“Our farmer’s markets and street fairs are flourishing parts of neighborhoods throughout the state.  They bring a feeling of community in a modern, impersonal world.  If we can promote these interpersonal relationships at a time when people are struggling to supplement their family incomes, by removing unnecessary red tape, then we’ve accomplished something important for both the residents of our state and its small businesses,” Gatto commented.

Mike Gatto is the Assistant Speaker Pro Tempore of the California State Assembly.  He represents the cities of Burbank, Glendale, and parts of Los Angeles, including Los Feliz, North Hollywood, Silver Lake, Toluca Lake, Valley Glen, and Van Nuys.

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Debunking the “Myth of Sustainable Meat”

By Joel Salatin
The following post originally appeared on the Polyface Farms Facebook page

The recent editorial by James McWilliams, titled “The Myth of Sustainable Meat,” contains enough factual errors and skewed assumptions to fill a book, and normally I would dismiss this out of hand as too much nonsense to merit a response. But since it specifically mentioned Polyface, a rebuttal is appropriate. For a more comprehensive rebuttal, read the book Folks, This Ain’t Normal.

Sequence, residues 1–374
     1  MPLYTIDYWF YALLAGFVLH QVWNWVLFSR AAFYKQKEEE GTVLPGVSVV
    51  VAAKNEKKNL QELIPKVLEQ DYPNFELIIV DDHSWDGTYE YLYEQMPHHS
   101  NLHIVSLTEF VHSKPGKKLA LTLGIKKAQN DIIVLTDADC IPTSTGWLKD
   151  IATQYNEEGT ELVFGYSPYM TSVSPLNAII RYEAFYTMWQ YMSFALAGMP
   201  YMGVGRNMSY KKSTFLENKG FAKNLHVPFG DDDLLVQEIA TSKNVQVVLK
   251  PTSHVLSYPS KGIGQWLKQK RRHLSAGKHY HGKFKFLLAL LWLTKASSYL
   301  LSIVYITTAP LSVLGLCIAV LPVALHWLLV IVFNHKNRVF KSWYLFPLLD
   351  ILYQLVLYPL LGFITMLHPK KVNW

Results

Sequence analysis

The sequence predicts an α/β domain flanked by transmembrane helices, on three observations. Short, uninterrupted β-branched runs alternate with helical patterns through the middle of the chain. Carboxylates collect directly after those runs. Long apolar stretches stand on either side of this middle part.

Let’s go point by point. First, that grass-grazing cows emit more methane than grain-fed ones. This is factually false. Actually, the amount of methane emitted by fermentation is the same whether it occurs in the cow or outside. Whether the feed is eaten by an herbivore or left to rot on its own, the methane generated is identical. Wetlands emit some 95 percent of all methane in the world; herbivores are insignificant enough to not even merit consideration. Anyone who really wants to stop methane needs to start draining wetlands. Quick, or we’ll all perish. I assume he’s figuring that since it takes longer to grow a beef on grass than on grain, the difference in time adds days to the emissions. But grain production carries a host of maladies far worse than methane. This is simply cherry-picking one negative out of many positives to smear the foundation of how soil builds: herbivore pruning, perennial disturbance-rest cycles, solar-grown biomass, and decomposition. This is like demonizing marriage because a good one will include some arguments.

Read more at Grist…